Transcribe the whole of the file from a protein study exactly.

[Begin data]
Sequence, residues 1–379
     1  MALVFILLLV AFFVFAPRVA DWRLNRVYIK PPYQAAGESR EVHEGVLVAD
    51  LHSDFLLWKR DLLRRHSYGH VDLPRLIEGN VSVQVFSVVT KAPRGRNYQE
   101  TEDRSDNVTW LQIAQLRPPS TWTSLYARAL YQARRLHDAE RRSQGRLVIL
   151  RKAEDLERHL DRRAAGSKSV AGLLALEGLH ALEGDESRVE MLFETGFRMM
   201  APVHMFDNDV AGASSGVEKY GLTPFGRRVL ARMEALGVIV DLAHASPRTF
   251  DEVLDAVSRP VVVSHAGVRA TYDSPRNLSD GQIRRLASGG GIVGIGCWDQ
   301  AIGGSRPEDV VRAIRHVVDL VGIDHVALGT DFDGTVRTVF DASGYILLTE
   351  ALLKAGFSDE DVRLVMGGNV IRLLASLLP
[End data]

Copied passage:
Sequence, residues 1–379
     1  MALVFILLLV AFFVFAPRVA DWRLNRVYIK PPYQAAGESR EVHEGVLVAD
    51  LHSDFLLWKR DLLRRHSYGH VDLPRLIEGN VSVQVFSVVT KAPRGRNYQE
   101  TEDRSDNVTW LQIAQLRPPS TWTSLYARAL YQARRLHDAE RRSQGRLVIL
   151  RKAEDLERHL DRRAAGSKSV AGLLALEGLH ALEGDESRVE MLFETGFRMM
   201  APVHMFDNDV AGASSGVEKY GLTPFGRRVL ARMEALGVIV DLAHASPRTF
   251  DEVLDAVSRP VVVSHAGVRA TYDSPRNLSD GQIRRLASGG GIVGIGCWDQ
   301  AIGGSRPEDV VRAIRHVVDL VGIDHVALGT DFDGTVRTVF DASGYILLTE
   351  ALLKAGFSDE DVRLVMGGNV IRLLASLLP